When the US Air Force lost one of its B-52 bombers in 2016 to a crash, they needed to find a replacement.
This B-52, nicknamed ‘Wise Guy’ is only the second B-52H ever to be taken from the 309th AMARG for active service. AMARG is often referred to as the ‘Boneyard’ because aircraft sent to the desert environment are normally picked over for parts.
Most B-52s sent there never fly again, said the U.S. Air Force.
With more than 17,000 flight hours in its history and more than a decade baking in the desert, this wasn’t going to be easy however.
“This was a command wide effort, with reservists and active duty offering a great deal of experience,” said Col. Robert Burgess, 307th Operations Group commander and pilot for the flight in a release.
“It took four months to get ready, so it was really a small effort on the aircrew side and a major effort on the maintainer side. The jet had cracks in the rear landing gear and was missing two engines. It also needed all its fuels cells and hoses replaced, as well as its tires.”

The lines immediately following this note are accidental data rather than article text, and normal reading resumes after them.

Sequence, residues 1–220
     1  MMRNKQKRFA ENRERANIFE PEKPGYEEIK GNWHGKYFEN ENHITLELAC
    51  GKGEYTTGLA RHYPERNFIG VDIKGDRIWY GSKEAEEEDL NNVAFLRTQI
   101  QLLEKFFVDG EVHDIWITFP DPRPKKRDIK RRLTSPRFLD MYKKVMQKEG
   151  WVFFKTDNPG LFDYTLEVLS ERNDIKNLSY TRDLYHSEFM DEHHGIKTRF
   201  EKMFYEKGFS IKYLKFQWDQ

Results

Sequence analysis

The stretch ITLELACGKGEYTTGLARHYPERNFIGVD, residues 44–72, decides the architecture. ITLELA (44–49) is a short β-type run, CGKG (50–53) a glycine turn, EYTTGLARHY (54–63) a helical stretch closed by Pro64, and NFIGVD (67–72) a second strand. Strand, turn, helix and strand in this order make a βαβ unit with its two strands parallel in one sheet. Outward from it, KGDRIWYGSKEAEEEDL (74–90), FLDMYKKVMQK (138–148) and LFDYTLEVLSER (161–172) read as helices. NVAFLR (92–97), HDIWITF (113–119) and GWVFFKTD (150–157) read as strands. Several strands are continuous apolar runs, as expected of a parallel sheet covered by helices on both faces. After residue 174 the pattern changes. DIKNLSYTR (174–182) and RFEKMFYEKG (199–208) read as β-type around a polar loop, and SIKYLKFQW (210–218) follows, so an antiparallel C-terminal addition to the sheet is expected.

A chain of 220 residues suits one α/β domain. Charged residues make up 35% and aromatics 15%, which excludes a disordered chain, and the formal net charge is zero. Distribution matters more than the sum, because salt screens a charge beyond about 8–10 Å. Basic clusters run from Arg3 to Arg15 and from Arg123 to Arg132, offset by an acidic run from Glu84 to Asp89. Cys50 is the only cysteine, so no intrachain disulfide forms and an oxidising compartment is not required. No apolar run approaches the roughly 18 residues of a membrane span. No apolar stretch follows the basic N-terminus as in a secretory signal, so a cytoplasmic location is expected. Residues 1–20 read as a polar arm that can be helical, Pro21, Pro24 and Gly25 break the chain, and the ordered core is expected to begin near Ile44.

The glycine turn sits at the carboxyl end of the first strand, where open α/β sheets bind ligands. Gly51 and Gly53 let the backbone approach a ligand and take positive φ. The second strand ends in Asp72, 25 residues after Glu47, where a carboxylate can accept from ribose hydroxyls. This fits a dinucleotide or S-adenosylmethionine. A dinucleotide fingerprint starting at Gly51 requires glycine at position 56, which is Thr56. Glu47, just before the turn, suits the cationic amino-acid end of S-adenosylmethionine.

Once the maintainers completed the necessary repairs, they ran multiple tests on the engines, landing gear, fuel and egress systems to ensure the jet was flight worthy.
From there, it was all up to the air crew to get the bomber to Barksdale AFB say the U.S Air Force in a release.
“The three-man crew, with more than 10,000 flying hours between them, flew the B-52 low and slow all the way to Louisiana. With the bomber safely at Barksdale AFB, Barnhill had time to reflect on his role in saving ‘Wise Guy’ from becoming a historical footnote.”
The aircraft is expected to be completely restored by early 2021.